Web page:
It just seems like some people can't leave well enough alone, especially with Ford products. Look at what Carroll Shelby did with the Mustang, or how Bill Stroppe juiced the Bronco. Then along came a tame little subcompact, and some people even tried to build the ultimate Ford Pinto.
At first, it only had a simple four-cylinder engine that was economical and easy to maintain. Who could put any real zip in this little pony? It would take another legend from the world of Ford motorsports to come up with that answer.
One of the most-successful dealerships in marketing the Pinto was Huntington Ford, in Arcadia, California. Huntington sold more than 400 of the little compacts in its first year, and nearly another 550 in the car's second season.
In 1972, the dealership's sales manager, Jack Stratton, approached owner Clare Hoke with an idea to make the Southern California agency the world headquarters for Pinto performance. To accomplish this goal, the talents of well-known Ford performance master Ak Miller were called upon.
After a few months of secret design, testing, and development, Huntington Ford announced that a new super Pinto had been born and was ready to be marketed. Its name was Pangra.
Immediately recognizable from the outside, this new mini muscle car wore an aerodynamic front clip that extended its length by a full 10 inches. Huntington Ford offered the Pangra in four versions, and kit number 1 consisted solely of the fiberglass front end including the hood, fenders, cowl, and pop-up headlights.
Kit 2 included all of the appearance pieces plus Recaro high-back buckets seats, a package of Stewart-Warner gauges, plus visually appealing custom console and dash trim. Also supplied was a set of cast and machined "mag-shot" wheels riding on the top-line "fat" tires of the day, 175HR13s up front and 185HR13s to the rear.
The third package took all the aforementioned equipment and added to it a Spearco "Can-Am" kit that employed shortened coil springs up front, heavy-duty stabilizer bars at both ends, and a full set of Koni shock absorbers.
Then there was Kit 4: everything, plus a Spearco turbocharger fitted to the same 2.0-liter ohc four-cylinder engine that served hundreds of thousands of factory-stock Pintos in naturally aspirated form.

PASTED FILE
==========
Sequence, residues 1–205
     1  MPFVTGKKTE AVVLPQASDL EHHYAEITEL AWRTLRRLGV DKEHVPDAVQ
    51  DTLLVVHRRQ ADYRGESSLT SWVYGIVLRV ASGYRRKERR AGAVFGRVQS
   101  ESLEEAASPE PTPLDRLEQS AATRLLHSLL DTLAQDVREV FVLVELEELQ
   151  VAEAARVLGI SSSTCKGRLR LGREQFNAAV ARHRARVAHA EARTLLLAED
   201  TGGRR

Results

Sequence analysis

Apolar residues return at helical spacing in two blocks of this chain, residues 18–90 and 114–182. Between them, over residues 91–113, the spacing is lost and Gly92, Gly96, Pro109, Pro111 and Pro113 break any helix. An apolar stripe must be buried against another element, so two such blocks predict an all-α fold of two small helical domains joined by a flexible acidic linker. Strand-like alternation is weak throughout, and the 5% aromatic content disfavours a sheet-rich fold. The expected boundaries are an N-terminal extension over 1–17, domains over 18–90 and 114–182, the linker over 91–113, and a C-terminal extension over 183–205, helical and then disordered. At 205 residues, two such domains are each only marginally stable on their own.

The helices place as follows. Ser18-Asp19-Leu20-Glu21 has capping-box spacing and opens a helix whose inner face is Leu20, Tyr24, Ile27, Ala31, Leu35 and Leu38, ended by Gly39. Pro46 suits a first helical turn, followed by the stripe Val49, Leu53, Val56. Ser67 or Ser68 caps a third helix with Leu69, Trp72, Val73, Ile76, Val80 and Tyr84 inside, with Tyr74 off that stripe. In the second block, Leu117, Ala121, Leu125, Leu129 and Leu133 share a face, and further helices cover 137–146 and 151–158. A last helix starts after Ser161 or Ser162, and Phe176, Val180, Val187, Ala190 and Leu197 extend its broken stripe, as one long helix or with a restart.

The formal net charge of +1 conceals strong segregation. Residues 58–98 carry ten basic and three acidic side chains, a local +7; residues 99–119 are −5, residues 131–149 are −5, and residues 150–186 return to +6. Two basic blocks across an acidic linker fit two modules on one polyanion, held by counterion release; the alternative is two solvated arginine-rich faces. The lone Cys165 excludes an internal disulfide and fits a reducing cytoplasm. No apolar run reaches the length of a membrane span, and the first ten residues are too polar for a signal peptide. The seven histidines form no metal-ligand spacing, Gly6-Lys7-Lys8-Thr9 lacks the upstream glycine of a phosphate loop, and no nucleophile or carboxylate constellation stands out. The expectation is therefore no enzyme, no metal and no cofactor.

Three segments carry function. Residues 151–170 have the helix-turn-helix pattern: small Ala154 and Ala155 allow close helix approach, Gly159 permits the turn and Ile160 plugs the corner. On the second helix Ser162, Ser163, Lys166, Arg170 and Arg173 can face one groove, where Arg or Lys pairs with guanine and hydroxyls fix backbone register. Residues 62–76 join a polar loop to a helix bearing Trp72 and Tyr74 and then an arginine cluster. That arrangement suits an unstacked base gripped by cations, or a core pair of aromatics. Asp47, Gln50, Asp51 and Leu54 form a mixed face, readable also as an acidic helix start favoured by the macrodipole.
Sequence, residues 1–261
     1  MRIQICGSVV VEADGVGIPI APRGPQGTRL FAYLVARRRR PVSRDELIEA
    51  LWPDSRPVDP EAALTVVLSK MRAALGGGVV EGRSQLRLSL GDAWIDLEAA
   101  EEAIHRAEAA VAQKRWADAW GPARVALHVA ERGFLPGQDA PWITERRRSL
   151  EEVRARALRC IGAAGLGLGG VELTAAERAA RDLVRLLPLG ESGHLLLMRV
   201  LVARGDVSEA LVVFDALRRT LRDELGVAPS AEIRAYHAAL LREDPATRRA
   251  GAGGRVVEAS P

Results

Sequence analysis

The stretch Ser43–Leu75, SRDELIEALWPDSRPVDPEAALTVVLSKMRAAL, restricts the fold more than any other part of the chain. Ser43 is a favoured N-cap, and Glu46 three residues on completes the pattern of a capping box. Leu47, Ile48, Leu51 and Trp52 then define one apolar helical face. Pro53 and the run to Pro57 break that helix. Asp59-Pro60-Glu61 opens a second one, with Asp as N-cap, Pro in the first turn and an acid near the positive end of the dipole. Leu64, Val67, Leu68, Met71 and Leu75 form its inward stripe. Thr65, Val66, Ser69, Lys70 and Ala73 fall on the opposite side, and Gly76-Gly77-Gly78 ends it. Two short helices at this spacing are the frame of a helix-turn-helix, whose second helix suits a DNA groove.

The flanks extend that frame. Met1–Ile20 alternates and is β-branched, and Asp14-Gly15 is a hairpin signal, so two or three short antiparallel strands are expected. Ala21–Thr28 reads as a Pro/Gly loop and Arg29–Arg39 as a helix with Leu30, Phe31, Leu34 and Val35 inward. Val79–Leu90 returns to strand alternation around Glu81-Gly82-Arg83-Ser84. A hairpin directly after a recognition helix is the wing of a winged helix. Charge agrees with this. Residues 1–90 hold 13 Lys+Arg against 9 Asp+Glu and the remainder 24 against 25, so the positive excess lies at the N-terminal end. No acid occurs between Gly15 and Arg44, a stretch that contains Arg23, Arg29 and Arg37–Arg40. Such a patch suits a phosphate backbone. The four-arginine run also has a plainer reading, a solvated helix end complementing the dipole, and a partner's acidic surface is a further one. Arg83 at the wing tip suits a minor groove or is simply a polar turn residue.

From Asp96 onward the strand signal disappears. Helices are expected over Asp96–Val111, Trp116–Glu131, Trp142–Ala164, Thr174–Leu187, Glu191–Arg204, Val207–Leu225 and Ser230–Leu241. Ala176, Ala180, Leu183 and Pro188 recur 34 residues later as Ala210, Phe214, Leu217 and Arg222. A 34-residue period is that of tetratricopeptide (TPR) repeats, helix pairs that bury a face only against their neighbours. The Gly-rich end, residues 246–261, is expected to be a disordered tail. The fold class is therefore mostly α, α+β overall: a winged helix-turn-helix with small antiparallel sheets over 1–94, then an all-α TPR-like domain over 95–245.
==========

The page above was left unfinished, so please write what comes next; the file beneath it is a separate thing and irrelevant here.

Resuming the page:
How did this horse of a different color measure up to the competition? At the time, Motor Trend had also commissioned its version of a "super" Pinto, plus it got its hands on a pair of Porsches -- a base 914, with a 1.7-liter flat four-cylinder; and a 914-S, with its larger 2.0-liter engine. In 0-to-60-mph runs, the Pangra averaged 7.5 seconds. The best any of the others could do was 10.5 seconds from the 914-S.
Of course, the Pangra did have a few advantages, such as an estimated 285 horsepower from an engine otherwise rated at about 86 horsepower in stock trim. From the factory, the Porsche 914-S delivered 91 gross SAE-rated horsepower.
In handling, the Pangra's upgraded suspension and meaty rubber produced tremendous grip. MT writers said the car "clings like Saranwrap."
The test results weren't necessarily a function of the axiom that "you get what you pay for." The estimated cost of the Pangra, delivered in Arcadia, was $4,600, while even the basic Porsche 914 was listed at $5,300, and the S version required another $288.
By the end of 1974, with the introduction of stronger engines and further restrictions on altering factory emissions systems, the Pangra faded from view. Unfortunately, there are no accurate records of how many of them were produced.
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